SRU math major assists NIH researchers studying myositis


Yannoty at a conference

John Yannotty, a senior mathematics major at Slippery Rock University, presented his research at a poster presentation at the National Institutes of Health Aug. 9 after completing a 12-week internship at the NIH.

Oct. 2, 2018

SLIPPERY ROCK, Pa. - A mathematician may seem out of place working with clinicians at the National Institutes of Health researching matters of public health, but don't tell that to John Yannotty.

Yannotty, a Slippery Rock University senior mathematics major from Butler, recently completed a summer internship at the NIH after being selected to assist a biomedical research group exploring environmental triggers that cause an autoimmune disease called myositis.

"Math is applicable to a variety of fields," said Yannotty, who has taken an interest in biostatistics, the process of applying statistics to topics in biology and experiments in the fields like medicine, pharmacy and agriculture. "I don't need to know biology but biologists do a lot of statistical analysis throughout their research and they have a need for statisticians."

At NIH, the largest biomedical research institution in the world, the more than 1,000 principal investigators and 4,000 postdoctoral fellows need the best interns to assist with their research. Yannotty turned down an offer for another competitive research internship at Carnegie Mellon University to accept the 12-week appointment at the NIH in Bethesda, Maryland. The NIH is operated under the U.S. Department of Health and Human Services. Yannotty worked in a lab within the National Institute of Environmental Health Sciences, one of 27 institutes and centers that make up the NIH.

"Anyone who has done an internship at the NIH will be known to have done good work in the field," said Dilrukshika Singhabahu, SRU assistant professor of mathematics and statistics, who conducted research with Yannotty at SRU that prepared him for the internship. "There are a lot of good mentors there who are current in research from different fields. They have a lot of data that they've collected and they need people to analyze the data."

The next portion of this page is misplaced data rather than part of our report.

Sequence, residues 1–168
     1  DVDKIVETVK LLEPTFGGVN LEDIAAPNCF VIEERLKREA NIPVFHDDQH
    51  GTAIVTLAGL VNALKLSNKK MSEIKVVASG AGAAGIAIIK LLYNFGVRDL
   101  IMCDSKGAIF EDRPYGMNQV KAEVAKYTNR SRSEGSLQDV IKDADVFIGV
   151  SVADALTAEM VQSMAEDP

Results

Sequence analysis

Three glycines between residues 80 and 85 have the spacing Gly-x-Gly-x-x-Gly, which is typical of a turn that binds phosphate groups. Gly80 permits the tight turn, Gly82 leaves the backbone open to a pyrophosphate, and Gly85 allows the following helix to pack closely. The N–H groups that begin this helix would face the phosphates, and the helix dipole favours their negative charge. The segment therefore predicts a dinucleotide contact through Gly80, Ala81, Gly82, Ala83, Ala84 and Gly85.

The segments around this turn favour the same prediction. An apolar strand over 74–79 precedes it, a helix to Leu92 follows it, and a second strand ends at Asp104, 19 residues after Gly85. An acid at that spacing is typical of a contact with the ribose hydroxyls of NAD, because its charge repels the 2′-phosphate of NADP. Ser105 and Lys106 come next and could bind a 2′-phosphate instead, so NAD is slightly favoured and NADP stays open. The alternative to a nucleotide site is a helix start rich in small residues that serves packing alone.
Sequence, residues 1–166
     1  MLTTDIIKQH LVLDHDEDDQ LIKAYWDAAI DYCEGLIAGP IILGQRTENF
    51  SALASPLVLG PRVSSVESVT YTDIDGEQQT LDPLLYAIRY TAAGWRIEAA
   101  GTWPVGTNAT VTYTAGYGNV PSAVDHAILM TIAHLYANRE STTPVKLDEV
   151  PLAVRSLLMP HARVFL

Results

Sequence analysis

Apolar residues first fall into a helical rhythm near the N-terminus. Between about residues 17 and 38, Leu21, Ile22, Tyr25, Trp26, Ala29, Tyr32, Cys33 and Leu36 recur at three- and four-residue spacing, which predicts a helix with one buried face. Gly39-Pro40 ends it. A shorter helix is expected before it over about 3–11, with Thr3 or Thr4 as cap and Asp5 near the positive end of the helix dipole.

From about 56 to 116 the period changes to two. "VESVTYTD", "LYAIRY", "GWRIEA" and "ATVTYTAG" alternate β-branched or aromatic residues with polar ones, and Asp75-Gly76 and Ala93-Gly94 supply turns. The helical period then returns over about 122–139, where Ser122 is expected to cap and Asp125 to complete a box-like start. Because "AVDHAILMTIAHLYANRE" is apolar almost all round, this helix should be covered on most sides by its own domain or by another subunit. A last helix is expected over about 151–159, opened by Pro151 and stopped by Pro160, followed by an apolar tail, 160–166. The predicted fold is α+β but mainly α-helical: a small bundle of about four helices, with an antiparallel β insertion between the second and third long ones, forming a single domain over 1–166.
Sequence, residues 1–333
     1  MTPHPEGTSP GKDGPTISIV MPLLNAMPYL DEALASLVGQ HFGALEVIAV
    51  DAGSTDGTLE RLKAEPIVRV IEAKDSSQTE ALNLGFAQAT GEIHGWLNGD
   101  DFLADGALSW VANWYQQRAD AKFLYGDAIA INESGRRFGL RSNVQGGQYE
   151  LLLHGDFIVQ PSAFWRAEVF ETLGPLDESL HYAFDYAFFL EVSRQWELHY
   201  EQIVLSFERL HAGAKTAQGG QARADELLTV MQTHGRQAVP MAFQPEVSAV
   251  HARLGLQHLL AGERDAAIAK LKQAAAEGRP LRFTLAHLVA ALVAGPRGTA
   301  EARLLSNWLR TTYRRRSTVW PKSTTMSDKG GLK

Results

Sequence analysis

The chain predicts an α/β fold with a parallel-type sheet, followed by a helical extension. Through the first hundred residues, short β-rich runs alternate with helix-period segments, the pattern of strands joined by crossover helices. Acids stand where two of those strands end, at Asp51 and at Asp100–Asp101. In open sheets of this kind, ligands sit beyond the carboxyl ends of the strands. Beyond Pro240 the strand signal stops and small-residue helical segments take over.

Yannotty joined a group that analyzed which environmental factors contribute to the onset of myositis, which is inflammation or swelling of the muscles. Myositis occurs when the body's immune system, which normally fights infections and viruses, is misdirected and attacks normal, healthy tissue. Although myositis affects more than 50,000 people in the United States, it is difficult to diagnose; it causes significant disability and even death; it's unclear what triggers it; and there's no cure for it.

As one of three interns -- the other two were computer science and environmental science majors -- Yannotty was tasked with cleaning data and testing hypotheses using statistical models to pick up trends and identify hidden relationships. Yannotty particularly looked at data to identify a correlation between people with exposure to silica dust, such as coal miners and construction workers, to those diagnosed with myositis.

"I was very prepared as far as coding and what type of analysis to do," said Yannotty, who pointed out that SRU courses such as Operations Research and Statistical Computing helped prepare him for the internship. "(The NIH researchers) gave you a problem and a dataset and said, 'You know this stuff, now show me how to do it and make an analysis.' Even the stuff I had to learn on my own, I was (prepared because I was) challenged in my classes, with theory and applying methods."

"John is a strong, tenacious learner," said Singhabahu, who introduced Yannotty to machine learning techniques on research projects involving data from functional magnetic resonance imaging that measured brain size and activity related to patients diagnosed with Alzheimer's disease. "When I gave him the data he had not done machine learning yet, but he started to investigate and I was very impressed with the work he did."

Yannotty said communication was the most important part of his internships, especially as a mathematics major working with medical professionals, including his supervisor, Adam Schiffenbauer, a rheumatologist.

"I'm used to working with math people, so I had to make sure I didn't jump too far into detail and not get too excited about the math and instead focus on the bio results," Yannotty said. "That's important because no matter what industry I work in or wherever I go, I'll need to make sure when I'm presenting to focus on the answer and not all the math behind it."

Yannotty, who admitted to being a shy student before coming to college, was attracted to SRU because of the relationships he could have with faculty at a smaller school. Now, he's considering pursuing a doctoral degree so he could teach, but he's also open-minded to all the ways he can apply a math degree to other industries, all thanks to his NIH internship.

"I enjoyed being with people from different fields because they just have a different perspective," Yannotty said. "This was a phenomenal experience that I'll use when looking at graduate schools."

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